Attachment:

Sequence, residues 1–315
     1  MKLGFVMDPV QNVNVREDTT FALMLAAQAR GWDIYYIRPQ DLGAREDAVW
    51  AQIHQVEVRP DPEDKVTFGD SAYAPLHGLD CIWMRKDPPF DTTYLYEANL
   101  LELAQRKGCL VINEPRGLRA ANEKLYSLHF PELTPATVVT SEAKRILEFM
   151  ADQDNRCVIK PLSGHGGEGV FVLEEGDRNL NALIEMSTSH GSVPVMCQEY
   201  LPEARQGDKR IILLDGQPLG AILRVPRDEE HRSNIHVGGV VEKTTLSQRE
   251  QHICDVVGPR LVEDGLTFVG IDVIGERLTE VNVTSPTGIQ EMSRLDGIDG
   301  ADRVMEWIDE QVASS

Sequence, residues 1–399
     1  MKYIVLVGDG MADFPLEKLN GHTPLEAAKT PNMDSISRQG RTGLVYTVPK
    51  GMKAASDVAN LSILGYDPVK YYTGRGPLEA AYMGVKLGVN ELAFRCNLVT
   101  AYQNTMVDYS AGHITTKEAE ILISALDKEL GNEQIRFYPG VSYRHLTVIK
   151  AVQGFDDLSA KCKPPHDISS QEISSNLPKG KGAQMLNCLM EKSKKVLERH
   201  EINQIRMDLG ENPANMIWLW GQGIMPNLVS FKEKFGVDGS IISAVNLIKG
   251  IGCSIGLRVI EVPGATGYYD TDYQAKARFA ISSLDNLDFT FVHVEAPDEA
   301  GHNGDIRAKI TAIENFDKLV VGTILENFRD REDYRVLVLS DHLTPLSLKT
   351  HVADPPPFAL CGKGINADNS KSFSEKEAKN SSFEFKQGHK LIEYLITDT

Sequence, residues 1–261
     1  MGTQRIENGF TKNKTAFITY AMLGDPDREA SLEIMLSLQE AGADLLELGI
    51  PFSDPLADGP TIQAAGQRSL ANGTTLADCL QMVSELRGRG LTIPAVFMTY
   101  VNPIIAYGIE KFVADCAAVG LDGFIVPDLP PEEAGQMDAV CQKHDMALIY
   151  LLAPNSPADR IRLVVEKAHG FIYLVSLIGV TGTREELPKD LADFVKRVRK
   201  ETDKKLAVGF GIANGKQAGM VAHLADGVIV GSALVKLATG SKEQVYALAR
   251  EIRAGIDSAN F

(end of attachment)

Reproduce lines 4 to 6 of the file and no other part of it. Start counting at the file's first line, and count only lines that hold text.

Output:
   101  LELAQRKGCL VINEPRGLRA ANEKLYSLHF PELTPATVVT SEAKRILEFM
   151  ADQDNRCVIK PLSGHGGEGV FVLEEGDRNL NALIEMSTSH GSVPVMCQEY
   201  LPEARQGDKR IILLDGQPLG AILRVPRDEE HRSNIHVGGV VEKTTLSQRE